Time to sound the alarm (clock) on kids’ inactivity

If you think kids can get a little exercise and then slack off in front of screens until the wee hours, you’re in for a rude awakening.  New research shows that physical activity, sedentary behaviour and sleep are closely interrelated—and sedentary lifestyles are connected to a creeping ‘sleepidemic’ in Canadian children and youth.

That’s why, for the first time, the 2016 ParticipACTION Report Card assigns a grade to sleep and includes new Canadian 24-Hour Movement Guidelines for Children and Youth. A first of their kind in the world, the guidelines outline what a healthy 24-hour period looks like for kids aged five to 17. 

As Dr. Mark Tremblay, Chief Scientific Officer, ParticipACTION Report Card and Director of the Children’s Hospital of Eastern Ontario Research Institute’s Healthy Active Living and Obesity Research Group (CHEO-HALO), puts it, it’s a vicious cycle. 

Many kids are too tired to get enough physical activity during the day, and not active enough to be tired at night.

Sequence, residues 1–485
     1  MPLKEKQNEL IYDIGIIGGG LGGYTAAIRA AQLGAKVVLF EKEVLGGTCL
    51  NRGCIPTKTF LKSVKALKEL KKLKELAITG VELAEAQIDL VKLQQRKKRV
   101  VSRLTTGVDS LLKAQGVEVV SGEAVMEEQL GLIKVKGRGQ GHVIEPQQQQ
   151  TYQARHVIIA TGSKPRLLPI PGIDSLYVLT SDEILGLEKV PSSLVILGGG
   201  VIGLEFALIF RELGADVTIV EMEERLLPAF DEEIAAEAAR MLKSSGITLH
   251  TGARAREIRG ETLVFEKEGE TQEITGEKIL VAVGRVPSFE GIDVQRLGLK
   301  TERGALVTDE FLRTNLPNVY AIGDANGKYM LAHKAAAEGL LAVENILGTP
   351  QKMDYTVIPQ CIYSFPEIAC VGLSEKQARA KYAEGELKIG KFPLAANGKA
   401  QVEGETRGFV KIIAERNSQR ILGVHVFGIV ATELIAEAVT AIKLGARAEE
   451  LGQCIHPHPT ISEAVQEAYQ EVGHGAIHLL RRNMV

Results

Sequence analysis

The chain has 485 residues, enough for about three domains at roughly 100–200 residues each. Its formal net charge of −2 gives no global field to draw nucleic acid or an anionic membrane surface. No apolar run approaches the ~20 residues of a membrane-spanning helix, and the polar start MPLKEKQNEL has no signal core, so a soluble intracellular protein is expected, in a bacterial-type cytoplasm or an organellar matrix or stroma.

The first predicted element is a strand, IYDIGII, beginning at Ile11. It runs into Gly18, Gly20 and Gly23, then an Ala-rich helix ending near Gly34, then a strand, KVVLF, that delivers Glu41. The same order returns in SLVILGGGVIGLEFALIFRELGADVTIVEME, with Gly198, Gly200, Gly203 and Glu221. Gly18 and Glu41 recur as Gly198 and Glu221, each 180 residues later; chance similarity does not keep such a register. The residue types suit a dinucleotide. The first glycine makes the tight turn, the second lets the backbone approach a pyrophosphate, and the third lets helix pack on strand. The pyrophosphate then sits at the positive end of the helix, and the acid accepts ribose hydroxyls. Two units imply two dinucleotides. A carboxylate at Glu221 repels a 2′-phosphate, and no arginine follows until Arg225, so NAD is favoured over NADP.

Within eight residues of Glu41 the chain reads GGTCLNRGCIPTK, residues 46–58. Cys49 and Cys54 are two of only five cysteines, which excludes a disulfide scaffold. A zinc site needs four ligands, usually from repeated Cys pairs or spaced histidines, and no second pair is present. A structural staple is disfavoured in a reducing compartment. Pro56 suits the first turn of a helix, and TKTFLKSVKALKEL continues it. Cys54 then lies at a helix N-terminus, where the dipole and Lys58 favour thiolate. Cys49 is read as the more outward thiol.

For health, kids need to sweat, step, sleep and sit the right amounts each day. Only nine per cent of kids get enough heart-pumping physical activity and only 24 per cent are meeting screen time guidelines of no more than two hours per day.  Plus, in recent decades, children’s nightly sleep duration has decreased by 30 minutes to an hour; 31 per cent of school-aged kids and 26 per cent of adolescents in Canada are sleep-deprived.

The good news is that regular physical activity may just be the best sleep aid there is. According to the Report Card, Grade 5 students with higher physical activity levels are less likely to be sleepy during the daytime and high school students who get at least 60 minutes of physical activity each day are 41 per cent more likely to get sufficient sleep than those who don’t.

It’s time for a wake-up call. 

The new 24-Hour Movement Guidelines call for at least 60 minutes per day of moderate to vigorous physical activity, no more than two hours a day of recreational screen time, limited sitting for extended periods and at least 9-11 hours of sleep per night for children 5-13 years, and 8-10 hours for those aged 14-17 years.  They were developed by the Canadian Society for Exercise Physiology, the Conference Board of Canada, HALO-CHEO, ParticipACTION and the Public Health Agency of Canada, with input from research experts and stakeholders across Canada and around the world.

It may seem like a good idea to cram more into each day to wear kids out, but a full schedule of activities doesn’t necessarily equal more physical activity. If we want to improve sleep in our kids, we need to get them off the couch and away from their screens with regular, heart-pumping activity. 

If Canadian kids sit less and move more, we’ll all sleep better!